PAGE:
CoinMarketCap News, Nov 22: Should Celebrities Stop Promoting Crypto Exchanges?
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CoinMarketCap News, Nov 22: Should Celebrities Stop Promoting Crypto Exchanges?

2 months ago

Also today, top financial firms are being urged to row back on plans to offer Bitcoin to their customers.

CoinMarketCap News, Nov 22: Should Celebrities Stop Promoting Crypto Exchanges?

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Celebs investigated over FTX ads 👀

A-listers including Tom Brady are facing an investigation in Texas after endorsing FTX in adverts. Officials claim the Super Bowl star's glowing endorsements may have violated securities laws. Brady and his ex-wife, the model Gisele Bundchen, had high-profile deals to attract customers to the doomed exchange — and had taken an equity stake in the business. In one unusual spot, Brady was seen using a flamethrower on a block of ice. A class action lawsuit has been filed against the couple in Miami, alongside other celebrities who promoted FTX. They include Shaquille O'Neal, Larry David, and Naomi Osaka. It's not the first time that celebrities have found themselves in hot water for crypto endorsements.

U.S. was already looking into doomed exchange 😬

Federal prosecutors in New York were already investigating FTX before the major exchange blew up. According to Bloomberg, Sam Bankman-Fried's company was facing allegations that it had violated the Bank Secrecy Act. Officials were examining whether FTX had violated anti-money laundering measures — all while knowingly serving American customers. In May, BitMEX co-founder Arthur Hayes was sentenced to six months house arrest and two years probation for that type of violation. "While building a cryptocurrency platform that profited him millions of dollars, Arthur Hayes willfully defied U.S. law that requires businesses to do their part to help in preventing crime and corruption," prosecutors had said at the time.

Bank of England reacts to FTX's demise 🏴󠁧󠁢󠁥󠁮󠁧󠁿

If British users of FTX were expecting sympathy, they shouldn't turn to the Bank of England. In a speech on Monday, Deputy Governor Sir Jon Cunliffe said the public were warned about the dangers of crypto investments. Back in September, the U.K. Financial Conduct Authority had said FTX may have been providing financial services without authorization, meaning customers were unlikely to get their money back if things went wrong. During a speech, Sir Jon once again called for crypto firms to be treated like any other financial institution. He believes this would protect the public, ensure that the crypto sector couldn't drag down traditional markets, and boost innovation. "People do not fly in unsafe airplanes," Sir Jon added.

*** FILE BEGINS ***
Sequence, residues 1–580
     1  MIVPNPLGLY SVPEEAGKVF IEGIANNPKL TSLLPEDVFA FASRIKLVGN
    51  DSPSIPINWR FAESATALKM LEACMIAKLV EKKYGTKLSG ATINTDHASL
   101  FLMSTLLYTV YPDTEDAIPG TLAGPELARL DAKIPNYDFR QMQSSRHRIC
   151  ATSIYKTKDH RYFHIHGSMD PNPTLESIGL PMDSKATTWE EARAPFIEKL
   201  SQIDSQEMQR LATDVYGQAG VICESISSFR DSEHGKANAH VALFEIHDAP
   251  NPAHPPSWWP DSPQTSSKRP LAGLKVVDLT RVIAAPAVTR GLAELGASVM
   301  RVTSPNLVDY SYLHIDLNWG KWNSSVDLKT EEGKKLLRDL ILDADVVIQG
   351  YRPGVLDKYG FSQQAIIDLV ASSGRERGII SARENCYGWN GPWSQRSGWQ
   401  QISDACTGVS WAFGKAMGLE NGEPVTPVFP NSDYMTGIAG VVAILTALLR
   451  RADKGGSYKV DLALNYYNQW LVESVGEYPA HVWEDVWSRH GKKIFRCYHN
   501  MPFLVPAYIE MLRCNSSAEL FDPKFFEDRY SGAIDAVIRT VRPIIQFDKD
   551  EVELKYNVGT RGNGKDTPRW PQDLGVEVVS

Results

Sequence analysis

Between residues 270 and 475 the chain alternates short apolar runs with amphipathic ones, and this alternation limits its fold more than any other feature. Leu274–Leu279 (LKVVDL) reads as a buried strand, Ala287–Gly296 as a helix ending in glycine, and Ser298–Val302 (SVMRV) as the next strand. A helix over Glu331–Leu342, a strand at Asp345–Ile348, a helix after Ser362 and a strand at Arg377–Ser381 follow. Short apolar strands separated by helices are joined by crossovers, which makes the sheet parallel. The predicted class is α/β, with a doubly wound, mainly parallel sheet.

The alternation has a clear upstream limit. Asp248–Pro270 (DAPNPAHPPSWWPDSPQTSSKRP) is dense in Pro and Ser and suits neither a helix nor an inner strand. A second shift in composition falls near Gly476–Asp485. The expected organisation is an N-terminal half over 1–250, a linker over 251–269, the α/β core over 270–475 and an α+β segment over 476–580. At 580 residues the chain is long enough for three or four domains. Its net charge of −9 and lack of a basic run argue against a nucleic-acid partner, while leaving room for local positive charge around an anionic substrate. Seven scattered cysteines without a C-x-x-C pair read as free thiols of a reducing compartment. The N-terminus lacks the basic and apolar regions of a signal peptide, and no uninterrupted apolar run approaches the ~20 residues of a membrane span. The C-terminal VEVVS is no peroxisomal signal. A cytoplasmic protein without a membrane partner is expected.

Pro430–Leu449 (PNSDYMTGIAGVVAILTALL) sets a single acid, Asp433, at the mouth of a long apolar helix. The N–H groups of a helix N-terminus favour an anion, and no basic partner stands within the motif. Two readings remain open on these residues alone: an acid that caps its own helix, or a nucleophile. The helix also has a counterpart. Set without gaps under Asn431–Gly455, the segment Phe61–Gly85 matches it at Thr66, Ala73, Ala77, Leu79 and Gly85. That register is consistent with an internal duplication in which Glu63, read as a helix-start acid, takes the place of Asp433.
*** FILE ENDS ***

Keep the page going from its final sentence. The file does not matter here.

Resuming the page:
Bob Iger returns as Disney's CEO 🚨

In a surprise announcement, it's been revealed that Bob Iger is returning to Disney as CEO. This could be a significant development for the metaverse. Iger has long been bullish on the potential of virtual worlds — and back in March, he invested and joined the board of Genies, an LA-based Web3 company. All of this has fueled speculation that Genies could end up being folded into Disney — and Iger may decide to make the metaverse a crucial part of his strategy in the coming years. Disney has dipped its toe into the metaverse in a number of ways, such as adding a high-level attorney focused on blockchain and NFT technology. Iger's predecessor, Bob Chapek, didn't seem to be as keen on the metaverse's potential.

Don't offer Bitcoin to public, Fidelity told

Fidelity is being urged to row back on plans that would allow everyday Americans to allocate part of their retirement savings to Bitcoin. Democratic senators have described the proposals as "ill-advised" — and have warned that the world's biggest cryptocurrency is volatile, illiquid and speculative. In their letter, the politicians also suggested that Fidelity itself knows this, given how Bitcoin can only represent 20% of a saver's portfolio. "Fidelity is acknowledging it is well aware of the dangers associated with investing in Bitcoin and digital assets, yet is deciding to move ahead anyway," Senators Dick Durbin, Elizabeth Warren and Tina Smith wrote.
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